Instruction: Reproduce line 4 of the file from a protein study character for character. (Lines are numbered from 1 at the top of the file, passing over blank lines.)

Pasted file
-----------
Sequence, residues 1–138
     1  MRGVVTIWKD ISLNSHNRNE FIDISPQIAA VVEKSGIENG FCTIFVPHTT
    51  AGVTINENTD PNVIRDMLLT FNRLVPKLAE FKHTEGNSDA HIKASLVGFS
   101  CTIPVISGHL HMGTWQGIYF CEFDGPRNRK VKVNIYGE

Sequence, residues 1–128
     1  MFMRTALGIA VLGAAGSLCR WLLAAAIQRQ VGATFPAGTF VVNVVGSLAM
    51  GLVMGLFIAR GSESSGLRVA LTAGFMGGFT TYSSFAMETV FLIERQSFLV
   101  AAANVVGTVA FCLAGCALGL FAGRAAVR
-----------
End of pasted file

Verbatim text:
   101  CTIPVISGHL HMGTWQGIYF CEFDGPRNRK VKVNIYGE